• Code reviews become a chore: Code reviews are essential for maintaining code quality and catching potential issues. When changes are unrelated, code reviews become less effective, as reviewers may need to spend more time understanding the changes and their context.
  • Merging branches can lead to more conflicts: Combining unrelated changes can often result in confusion, especially when multiple files have been modified. In addition, the likelihood of encountering merge conflicts also increases.

To avoid this, you should commit small and focused changes. This approach, known as "Atomic Commits," suggests that commits should be small and focused solely on a single topic. This does not mean a commit should only include a single changed file, but that it should represent a single logical change or fix.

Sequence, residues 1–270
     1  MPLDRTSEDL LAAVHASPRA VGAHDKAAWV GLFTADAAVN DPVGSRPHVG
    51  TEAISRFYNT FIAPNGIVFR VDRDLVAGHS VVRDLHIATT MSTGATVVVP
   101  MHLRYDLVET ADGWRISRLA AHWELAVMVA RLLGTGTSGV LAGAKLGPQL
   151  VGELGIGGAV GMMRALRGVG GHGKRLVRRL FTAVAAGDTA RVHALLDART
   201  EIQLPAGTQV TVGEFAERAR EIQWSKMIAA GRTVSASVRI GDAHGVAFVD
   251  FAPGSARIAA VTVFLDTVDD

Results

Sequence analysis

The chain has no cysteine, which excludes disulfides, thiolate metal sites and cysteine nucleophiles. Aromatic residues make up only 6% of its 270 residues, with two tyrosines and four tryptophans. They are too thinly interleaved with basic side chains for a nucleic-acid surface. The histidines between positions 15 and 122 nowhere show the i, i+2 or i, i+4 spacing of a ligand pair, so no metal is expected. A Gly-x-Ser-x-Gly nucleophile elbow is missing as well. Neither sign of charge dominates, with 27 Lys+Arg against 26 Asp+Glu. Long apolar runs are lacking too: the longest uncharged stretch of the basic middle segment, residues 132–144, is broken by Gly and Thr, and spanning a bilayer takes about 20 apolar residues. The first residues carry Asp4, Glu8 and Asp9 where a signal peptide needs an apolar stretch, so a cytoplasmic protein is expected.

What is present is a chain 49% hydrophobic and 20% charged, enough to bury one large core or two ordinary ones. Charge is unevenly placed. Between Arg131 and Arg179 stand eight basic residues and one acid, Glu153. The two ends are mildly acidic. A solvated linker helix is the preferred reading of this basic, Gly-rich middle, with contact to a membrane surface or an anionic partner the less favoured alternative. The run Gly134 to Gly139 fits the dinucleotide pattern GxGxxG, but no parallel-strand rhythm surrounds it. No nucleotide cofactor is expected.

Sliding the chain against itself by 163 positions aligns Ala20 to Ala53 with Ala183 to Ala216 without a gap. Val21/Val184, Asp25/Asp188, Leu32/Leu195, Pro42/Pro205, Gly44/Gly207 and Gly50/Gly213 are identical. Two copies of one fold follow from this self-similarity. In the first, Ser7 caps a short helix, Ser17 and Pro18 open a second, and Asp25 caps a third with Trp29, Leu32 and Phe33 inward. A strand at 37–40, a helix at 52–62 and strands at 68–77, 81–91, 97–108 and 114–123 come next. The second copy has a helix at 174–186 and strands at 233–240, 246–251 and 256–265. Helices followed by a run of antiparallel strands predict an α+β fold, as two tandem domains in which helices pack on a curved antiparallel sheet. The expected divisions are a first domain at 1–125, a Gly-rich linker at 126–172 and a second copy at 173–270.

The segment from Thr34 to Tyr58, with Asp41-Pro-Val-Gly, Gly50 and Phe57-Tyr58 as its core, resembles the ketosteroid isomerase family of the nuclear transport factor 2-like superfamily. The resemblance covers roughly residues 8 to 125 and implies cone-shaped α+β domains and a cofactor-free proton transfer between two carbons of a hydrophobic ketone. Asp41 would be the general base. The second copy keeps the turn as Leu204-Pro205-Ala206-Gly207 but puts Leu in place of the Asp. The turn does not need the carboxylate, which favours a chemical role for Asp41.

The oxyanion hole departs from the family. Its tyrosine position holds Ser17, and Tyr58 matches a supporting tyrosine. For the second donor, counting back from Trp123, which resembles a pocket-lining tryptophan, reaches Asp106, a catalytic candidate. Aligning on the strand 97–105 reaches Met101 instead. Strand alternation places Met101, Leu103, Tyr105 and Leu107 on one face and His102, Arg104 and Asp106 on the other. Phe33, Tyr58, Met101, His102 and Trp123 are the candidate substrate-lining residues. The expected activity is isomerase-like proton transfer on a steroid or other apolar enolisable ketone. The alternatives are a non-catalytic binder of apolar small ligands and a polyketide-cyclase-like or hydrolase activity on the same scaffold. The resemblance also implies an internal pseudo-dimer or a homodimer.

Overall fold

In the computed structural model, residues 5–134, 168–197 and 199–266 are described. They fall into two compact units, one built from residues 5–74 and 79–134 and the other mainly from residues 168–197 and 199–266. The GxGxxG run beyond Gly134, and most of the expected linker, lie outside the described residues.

You should feel motivated to make multiple commits so that your Git history remains clear. Every developer, including yourself, will appreciate the effort you put into doing so!

Staging Chunks or Lines of Code

Instead of git add -A, you could type git add <filename> to add a single file. But you can go one step further and stage just portions or even single lines of changed code.

This can be achieved with git add -p <filename>, where Git will break down the file into chunks (also called "hunks") and ask if you would like to stage that section.

This process is much easier if you're using a Git client like Tower, which is available for Mac and Windows. Staging chunks or individual lines only require a few clicks.

Staging Chunks and Lines in Tower

Too Late? Interactive Rebase to the Rescue!